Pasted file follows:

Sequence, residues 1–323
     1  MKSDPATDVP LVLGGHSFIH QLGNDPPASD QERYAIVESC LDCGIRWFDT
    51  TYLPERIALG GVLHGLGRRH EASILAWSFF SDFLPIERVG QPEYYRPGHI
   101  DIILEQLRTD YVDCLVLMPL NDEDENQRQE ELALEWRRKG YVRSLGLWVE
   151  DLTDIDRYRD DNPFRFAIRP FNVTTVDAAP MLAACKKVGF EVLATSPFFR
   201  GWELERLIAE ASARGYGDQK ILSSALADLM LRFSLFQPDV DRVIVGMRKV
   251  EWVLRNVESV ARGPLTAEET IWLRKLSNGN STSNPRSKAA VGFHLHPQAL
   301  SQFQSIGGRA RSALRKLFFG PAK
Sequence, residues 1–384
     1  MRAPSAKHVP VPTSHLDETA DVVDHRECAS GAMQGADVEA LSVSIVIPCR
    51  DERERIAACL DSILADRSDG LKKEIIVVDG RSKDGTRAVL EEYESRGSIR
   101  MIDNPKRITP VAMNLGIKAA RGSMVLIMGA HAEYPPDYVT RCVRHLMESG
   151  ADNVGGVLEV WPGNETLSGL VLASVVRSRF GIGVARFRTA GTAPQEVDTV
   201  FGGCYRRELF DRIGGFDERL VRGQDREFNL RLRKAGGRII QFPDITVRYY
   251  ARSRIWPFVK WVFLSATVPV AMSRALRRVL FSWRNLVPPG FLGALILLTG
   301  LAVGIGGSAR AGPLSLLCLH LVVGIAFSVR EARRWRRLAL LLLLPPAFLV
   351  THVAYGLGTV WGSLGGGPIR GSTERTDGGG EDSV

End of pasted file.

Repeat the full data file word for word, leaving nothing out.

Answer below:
Sequence, residues 1–323
     1  MKSDPATDVP LVLGGHSFIH QLGNDPPASD QERYAIVESC LDCGIRWFDT
    51  TYLPERIALG GVLHGLGRRH EASILAWSFF SDFLPIERVG QPEYYRPGHI
   101  DIILEQLRTD YVDCLVLMPL NDEDENQRQE ELALEWRRKG YVRSLGLWVE
   151  DLTDIDRYRD DNPFRFAIRP FNVTTVDAAP MLAACKKVGF EVLATSPFFR
   201  GWELERLIAE ASARGYGDQK ILSSALADLM LRFSLFQPDV DRVIVGMRKV
   251  EWVLRNVESV ARGPLTAEET IWLRKLSNGN STSNPRSKAA VGFHLHPQAL
   301  SQFQSIGGRA RSALRKLFFG PAK
Sequence, residues 1–384
     1  MRAPSAKHVP VPTSHLDETA DVVDHRECAS GAMQGADVEA LSVSIVIPCR
    51  DERERIAACL DSILADRSDG LKKEIIVVDG RSKDGTRAVL EEYESRGSIR
   101  MIDNPKRITP VAMNLGIKAA RGSMVLIMGA HAEYPPDYVT RCVRHLMESG
   151  ADNVGGVLEV WPGNETLSGL VLASVVRSRF GIGVARFRTA GTAPQEVDTV
   201  FGGCYRRELF DRIGGFDERL VRGQDREFNL RLRKAGGRII QFPDITVRYY
   251  ARSRIWPFVK WVFLSATVPV AMSRALRRVL FSWRNLVPPG FLGALILLTG
   301  LAVGIGGSAR AGPLSLLCLH LVVGIAFSVR EARRWRRLAL LLLLPPAFLV
   351  THVAYGLGTV WGSLGGGPIR GSTERTDGGG EDSV